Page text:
SUSANNA Reid has spoken of her fear as the petrol crisis threatens her sons' education ahead of upcoming exams.
The Good Morning Britain presenter said her "heart sinks" as a headteacher warned of closing schools as staff struggle to get to work.
It comes after Covid wreaked chaos on students – leaving them desperately catching up on the curriculum after months of home-schooling.
Gemma Penny, headteacher of Allestrees Woodlands School, told the breakfast show: "Speaking with colleagues, it's been a flying start to the new academic year.
"We've been restoring confidence in students gearing up for the exams at the end of the year… then something like this happens.
"We've got staff with positive lateral tests who are waiting on PCR tests to come back, which means they can't come in.
"There's teachers or teachers' children with illness because of all the bugs that are flying around and we're all catching everything.
"The fuel crisis is compounding the issue. We do have a tipping point where it's not viable to deliver the school curriculum or actually run a safe site if you have too many staff absent.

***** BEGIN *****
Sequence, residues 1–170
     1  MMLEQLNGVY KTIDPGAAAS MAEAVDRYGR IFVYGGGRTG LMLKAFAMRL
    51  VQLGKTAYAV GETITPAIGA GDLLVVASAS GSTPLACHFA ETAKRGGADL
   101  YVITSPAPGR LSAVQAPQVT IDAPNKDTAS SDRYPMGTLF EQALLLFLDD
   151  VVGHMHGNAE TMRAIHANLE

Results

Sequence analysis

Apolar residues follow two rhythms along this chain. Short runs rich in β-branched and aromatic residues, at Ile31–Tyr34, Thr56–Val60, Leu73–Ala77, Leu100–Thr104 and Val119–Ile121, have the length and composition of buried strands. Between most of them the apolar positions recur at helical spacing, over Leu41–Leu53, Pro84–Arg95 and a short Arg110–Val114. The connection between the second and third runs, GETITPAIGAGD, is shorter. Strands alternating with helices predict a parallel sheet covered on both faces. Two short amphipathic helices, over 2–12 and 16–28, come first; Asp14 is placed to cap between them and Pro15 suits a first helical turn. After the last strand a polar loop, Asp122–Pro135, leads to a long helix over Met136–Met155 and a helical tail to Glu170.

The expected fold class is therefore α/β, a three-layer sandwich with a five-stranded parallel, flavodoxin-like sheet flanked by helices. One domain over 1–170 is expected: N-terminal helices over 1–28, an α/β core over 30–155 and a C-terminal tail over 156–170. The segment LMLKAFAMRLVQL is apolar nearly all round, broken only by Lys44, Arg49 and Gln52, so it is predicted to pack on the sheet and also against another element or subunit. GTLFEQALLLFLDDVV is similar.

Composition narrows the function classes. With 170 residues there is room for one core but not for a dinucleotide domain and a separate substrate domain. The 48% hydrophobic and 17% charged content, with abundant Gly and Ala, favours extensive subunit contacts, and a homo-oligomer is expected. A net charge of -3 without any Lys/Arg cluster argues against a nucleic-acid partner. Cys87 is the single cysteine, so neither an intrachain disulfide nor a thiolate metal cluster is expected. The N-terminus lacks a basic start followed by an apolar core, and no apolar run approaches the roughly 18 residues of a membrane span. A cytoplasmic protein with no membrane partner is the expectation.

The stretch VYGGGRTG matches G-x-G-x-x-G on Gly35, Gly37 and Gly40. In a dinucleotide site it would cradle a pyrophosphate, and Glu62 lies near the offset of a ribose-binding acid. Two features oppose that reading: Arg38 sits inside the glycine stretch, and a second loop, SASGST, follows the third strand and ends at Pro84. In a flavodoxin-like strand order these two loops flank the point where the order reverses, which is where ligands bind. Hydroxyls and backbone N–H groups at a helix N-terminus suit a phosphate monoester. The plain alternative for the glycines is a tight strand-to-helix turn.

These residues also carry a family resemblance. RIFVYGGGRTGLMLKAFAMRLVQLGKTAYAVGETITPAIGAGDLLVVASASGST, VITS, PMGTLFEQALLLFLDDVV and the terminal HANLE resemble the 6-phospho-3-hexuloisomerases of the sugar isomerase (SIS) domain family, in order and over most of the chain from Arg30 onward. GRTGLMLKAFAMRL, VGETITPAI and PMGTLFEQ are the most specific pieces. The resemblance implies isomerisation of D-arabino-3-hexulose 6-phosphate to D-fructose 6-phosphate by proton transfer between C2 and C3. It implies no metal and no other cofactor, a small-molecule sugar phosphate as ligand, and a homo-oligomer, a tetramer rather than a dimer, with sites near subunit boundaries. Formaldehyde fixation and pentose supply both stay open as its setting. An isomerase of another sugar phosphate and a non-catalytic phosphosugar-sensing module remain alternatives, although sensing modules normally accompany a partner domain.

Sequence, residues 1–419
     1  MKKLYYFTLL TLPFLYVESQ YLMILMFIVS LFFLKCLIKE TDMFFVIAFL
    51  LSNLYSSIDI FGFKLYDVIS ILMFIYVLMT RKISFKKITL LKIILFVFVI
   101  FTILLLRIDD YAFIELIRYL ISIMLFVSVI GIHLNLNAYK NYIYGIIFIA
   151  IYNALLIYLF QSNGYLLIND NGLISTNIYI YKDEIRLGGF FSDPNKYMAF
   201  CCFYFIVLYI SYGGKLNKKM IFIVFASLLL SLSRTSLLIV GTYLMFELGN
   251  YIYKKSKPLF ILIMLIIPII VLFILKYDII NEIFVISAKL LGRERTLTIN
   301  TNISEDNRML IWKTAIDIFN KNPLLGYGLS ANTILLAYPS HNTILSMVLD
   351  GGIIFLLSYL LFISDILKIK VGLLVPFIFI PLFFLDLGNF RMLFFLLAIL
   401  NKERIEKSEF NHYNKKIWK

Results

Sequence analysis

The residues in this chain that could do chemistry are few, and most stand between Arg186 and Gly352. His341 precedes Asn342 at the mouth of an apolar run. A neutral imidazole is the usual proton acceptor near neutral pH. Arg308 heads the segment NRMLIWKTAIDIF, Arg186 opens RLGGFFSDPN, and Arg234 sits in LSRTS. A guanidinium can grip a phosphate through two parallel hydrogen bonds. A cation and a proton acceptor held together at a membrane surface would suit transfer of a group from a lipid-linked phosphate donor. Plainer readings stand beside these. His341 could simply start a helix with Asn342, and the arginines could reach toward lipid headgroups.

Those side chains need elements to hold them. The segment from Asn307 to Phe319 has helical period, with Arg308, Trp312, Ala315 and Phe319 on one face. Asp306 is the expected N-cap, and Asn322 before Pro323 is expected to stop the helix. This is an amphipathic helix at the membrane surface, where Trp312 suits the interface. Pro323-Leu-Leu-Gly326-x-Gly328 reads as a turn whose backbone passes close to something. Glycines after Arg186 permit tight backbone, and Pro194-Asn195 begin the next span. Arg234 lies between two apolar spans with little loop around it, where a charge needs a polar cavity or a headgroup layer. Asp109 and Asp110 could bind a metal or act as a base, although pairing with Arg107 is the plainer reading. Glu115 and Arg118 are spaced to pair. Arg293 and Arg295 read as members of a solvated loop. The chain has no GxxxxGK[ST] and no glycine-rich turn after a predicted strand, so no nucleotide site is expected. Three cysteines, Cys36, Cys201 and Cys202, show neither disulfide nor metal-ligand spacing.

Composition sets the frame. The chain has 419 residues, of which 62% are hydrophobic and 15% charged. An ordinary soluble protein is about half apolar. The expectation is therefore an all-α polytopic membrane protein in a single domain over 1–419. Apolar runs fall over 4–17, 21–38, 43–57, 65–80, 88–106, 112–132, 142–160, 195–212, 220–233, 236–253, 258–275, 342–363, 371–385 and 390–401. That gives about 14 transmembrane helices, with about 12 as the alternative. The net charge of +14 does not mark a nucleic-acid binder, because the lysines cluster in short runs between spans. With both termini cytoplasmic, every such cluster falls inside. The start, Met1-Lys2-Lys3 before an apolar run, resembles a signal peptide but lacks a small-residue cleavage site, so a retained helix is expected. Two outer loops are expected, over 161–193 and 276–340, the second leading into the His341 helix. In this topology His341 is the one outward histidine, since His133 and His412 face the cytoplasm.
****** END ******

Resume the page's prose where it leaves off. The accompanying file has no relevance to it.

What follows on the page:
"It's imperative that something is done to address this.
"Key workers who are doing really important jobs need to get fuel to be able to go to work."
It's been reported essential workers will get exclusive access to petrol pumps under emergency government plans.
It comes as greedy fuel bosses allowed prices to surge to more than 150p a litre, as the nation queues to fill its tanks.
Last night it emerged that essential workers are set to be granted “priority access” to certain stations under proposed measures.
Government sources said designating certain stations for key workers is being kept as a back-up option as the fuel crisis entered its fourth day.
A purchase cap was also said to be in the works after desperate drivers were held up in mile-long queues at stations.
The insiders told the Telegraph that it was hoped the crisis would be solved without the need for measures.
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